The Pentagon delayed and may kill the Air Force's nascent Cyberspace Command, according to a memo obtained by The Associated Press. This comes as Russia used a major computer network attack to begin its assault on Georgia... The Air Force considers cyberspace a "domain" for which the service should train and equip forces to defend, as it does airspace... A senior military commander told the AP, however, that the mission to defend U.S. military networks is better vested in U.S. Strategic Command, which has the military responsibility for cyberspace across all services and commands. According to an August "for official use only" intelligence report by the Homeland Security Department, obtained by The Associated Press, there are no effective means to prevent a similar attack on U.S. Web sites connected to the Internet. The service's Cyberspace Command is to coordinate computer network defense and, more controversially, offensive attacks on enemy networks. The goal, according to senior officials, is to be able to take control of adversary computer networks to thwart attacks or otherwise influence their behavior_ either with or without that adversary realizing it. The Russian computer takedown served the same purpose as a traditional air attack on enemy radars and communications antennae, said Michael Wynne, the former U.S. Air Force Secretary who made cyberwar a central mission of the Air Force. "The Russians just shot down the government command nets so they could cover their incursion," said Wynne. "This was really one of the first aspects of a coordinated military action that had cyber as a lead force, instead of sending in air planes. We need to figure out a way not only see the attack coming but to block it, and in blocking it chase it home."
"I think this is a very poor time to send a signal that the United States is not interested in focusing on warfighting in the cyber domain," Wynne added. Wynne was fired by Defense Secretary Robert Gates earlier this year after the Air Force's mishandling of nuclear weapons. Wynne, however, told reporters he was fired over differences with Gates on the need for additional F-22 fighter jets, among other matters... http://news.yahoo.com/s/ap/20080813/ap_on_go_ca_st_pe/air_force_cybercom...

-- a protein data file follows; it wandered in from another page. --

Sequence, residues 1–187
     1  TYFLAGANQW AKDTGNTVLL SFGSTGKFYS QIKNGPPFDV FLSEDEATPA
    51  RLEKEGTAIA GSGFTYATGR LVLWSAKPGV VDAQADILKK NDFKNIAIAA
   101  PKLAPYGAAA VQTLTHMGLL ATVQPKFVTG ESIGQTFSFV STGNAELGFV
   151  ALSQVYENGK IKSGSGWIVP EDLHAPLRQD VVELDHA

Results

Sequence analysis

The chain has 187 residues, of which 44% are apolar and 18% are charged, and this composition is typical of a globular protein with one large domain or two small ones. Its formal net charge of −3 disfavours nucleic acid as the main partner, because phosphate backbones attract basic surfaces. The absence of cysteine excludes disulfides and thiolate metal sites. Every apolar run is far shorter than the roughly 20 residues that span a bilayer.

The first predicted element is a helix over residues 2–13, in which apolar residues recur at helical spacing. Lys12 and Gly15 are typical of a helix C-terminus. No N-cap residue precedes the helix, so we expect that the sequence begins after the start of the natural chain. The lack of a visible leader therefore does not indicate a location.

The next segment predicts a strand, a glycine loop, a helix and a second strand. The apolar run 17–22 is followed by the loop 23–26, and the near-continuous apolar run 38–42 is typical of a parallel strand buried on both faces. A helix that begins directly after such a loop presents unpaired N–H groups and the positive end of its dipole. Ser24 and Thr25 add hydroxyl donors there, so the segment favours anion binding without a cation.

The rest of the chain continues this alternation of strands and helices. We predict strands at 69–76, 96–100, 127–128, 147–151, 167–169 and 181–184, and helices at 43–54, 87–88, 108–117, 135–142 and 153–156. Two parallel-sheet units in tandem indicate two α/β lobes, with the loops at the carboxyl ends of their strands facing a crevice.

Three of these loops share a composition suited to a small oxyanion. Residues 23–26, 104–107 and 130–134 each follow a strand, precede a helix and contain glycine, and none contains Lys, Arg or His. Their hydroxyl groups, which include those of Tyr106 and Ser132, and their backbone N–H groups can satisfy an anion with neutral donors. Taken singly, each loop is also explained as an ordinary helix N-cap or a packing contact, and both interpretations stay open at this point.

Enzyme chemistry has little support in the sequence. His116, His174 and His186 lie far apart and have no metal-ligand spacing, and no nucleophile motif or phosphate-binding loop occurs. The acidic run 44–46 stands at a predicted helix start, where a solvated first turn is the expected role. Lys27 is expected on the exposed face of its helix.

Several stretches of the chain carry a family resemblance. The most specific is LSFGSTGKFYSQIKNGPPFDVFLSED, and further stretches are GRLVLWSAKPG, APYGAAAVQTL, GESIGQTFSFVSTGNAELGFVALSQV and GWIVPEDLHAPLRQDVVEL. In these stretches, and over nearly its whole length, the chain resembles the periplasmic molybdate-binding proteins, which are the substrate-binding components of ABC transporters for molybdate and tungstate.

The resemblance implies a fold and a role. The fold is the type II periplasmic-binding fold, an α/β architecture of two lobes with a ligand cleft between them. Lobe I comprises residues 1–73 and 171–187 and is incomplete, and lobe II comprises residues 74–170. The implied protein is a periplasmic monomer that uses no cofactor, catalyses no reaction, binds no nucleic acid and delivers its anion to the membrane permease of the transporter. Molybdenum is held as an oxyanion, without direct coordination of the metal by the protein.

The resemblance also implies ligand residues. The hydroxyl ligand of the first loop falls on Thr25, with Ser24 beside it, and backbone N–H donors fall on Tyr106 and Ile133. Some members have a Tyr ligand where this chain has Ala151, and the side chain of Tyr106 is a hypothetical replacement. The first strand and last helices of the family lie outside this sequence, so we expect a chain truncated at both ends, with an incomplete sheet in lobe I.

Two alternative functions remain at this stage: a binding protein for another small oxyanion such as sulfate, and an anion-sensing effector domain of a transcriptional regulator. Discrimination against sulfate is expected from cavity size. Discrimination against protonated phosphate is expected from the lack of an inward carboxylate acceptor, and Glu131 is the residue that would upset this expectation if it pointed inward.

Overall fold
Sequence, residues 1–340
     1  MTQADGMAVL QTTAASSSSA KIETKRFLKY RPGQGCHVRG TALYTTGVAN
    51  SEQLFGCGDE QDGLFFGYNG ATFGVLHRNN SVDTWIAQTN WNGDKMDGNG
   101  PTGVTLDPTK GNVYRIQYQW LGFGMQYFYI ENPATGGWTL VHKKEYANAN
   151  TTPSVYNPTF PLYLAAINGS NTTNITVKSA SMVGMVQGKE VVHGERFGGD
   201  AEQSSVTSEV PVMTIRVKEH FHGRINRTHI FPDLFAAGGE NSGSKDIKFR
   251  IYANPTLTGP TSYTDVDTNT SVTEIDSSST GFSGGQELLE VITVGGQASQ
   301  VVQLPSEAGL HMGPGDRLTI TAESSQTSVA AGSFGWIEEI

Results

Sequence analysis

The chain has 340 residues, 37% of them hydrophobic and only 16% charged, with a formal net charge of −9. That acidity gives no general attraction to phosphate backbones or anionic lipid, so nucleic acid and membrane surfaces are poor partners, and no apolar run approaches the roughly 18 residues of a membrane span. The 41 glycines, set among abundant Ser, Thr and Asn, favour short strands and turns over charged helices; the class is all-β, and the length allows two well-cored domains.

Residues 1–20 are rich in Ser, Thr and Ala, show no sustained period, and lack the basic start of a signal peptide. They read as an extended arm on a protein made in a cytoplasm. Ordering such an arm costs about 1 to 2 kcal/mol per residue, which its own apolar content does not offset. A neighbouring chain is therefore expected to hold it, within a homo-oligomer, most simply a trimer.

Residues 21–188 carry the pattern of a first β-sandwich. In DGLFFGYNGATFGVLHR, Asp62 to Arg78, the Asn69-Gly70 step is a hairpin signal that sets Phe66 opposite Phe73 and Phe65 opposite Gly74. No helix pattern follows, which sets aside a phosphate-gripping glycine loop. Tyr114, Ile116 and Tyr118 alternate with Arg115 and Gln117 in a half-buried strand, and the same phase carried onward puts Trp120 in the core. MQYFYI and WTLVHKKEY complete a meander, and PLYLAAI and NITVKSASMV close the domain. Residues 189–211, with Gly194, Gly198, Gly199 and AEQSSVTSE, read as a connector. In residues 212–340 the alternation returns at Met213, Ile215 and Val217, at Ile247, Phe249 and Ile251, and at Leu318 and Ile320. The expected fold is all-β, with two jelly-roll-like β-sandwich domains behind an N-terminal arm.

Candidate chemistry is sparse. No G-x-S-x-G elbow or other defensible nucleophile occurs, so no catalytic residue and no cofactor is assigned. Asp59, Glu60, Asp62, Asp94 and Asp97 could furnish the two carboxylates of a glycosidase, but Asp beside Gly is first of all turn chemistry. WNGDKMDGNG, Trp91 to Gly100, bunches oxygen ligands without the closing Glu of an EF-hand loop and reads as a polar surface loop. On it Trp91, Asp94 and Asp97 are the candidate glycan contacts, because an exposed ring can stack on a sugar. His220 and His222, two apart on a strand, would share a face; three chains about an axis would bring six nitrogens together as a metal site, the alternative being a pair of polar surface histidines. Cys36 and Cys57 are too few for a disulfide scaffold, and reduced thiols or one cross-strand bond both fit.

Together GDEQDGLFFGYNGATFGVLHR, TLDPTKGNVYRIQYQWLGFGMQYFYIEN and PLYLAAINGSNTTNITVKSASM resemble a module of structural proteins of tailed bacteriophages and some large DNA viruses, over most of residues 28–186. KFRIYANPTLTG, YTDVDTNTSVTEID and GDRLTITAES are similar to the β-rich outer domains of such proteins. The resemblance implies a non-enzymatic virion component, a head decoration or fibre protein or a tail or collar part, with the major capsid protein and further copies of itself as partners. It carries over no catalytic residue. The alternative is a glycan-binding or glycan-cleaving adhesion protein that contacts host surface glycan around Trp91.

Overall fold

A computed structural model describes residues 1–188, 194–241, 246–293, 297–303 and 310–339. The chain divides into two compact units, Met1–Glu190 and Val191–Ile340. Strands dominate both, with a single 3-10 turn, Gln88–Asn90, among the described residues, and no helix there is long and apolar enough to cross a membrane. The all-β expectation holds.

more stage-setting for internet 2
Combating Enemies Online: State-Sponsored and Terrorist Use of the Internet
By James Jay Carafano and Richard Weitz,

Bank Data Secretly Sifted by U.S.
Under a secret Swift program, run out of the Central Intelligence Agency and overseen by the Treasury Department, officials gained access to financial records from a vast international database and examined banking transactions involving thousands of Americans and others in the United States... Treasury officials did not seek individual court-approved warrants or subpoenas to examine specific transactions, instead relying on broad administrative subpoenas for millions of records from the cooperative, known as Swift.... Officials described the Swift program as the biggest and most far-reaching of several secret efforts to trace terrorist financing. Much more limited agreements with other companies have provided access to A.T.M. transactions, credit card purchases and Western Union wire payments ... The program is separate from the National Security Agency's efforts to eavesdrop without warrants and collect domestic phone records, operations that have provoked fierce public debate and spurred lawsuits against the government and telecommunications companies.... Data from the Brussels-based banking consortium, formally known as the Society for Worldwide Interbank Financial Telecommunication, has allowed officials from the C.I.A., the Federal Bureau of Investigation and other agencies to examine "tens of thousands" of financial transactions... Swift's database provides a rich hunting ground for government investigators. Swift is a crucial gatekeeper, providing electronic instructions on how to transfer money among 7,800 financial institutions worldwide. The cooperative is owned by more than 2,200 organizations, and virtually every major commercial bank, as well as brokerage houses, fund managers and stock exchanges, uses its services. Swift routes more than 11 million transactions each day, most of them across borders.... Swift's 25-member board of directors, made up of representatives from financial institutions around the world, was previously told of the program. The Group of 10's central banks, in major industrialized countries, which oversee Swift, were also informed. It is not clear if other network participants know that American intelligence officials can examine their message traffic.